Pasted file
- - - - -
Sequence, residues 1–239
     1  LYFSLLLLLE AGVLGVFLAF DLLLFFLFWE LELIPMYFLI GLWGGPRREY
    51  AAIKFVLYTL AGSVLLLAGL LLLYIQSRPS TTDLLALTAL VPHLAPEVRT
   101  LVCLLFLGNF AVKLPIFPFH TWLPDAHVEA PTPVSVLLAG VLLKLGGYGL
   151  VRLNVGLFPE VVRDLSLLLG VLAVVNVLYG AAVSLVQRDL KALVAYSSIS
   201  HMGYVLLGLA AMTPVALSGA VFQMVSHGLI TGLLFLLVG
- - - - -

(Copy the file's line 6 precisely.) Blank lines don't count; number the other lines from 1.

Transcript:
   201  HMGYVLLGLA AMTPVALSGA VFQMVSHGLI TGLLFLLVG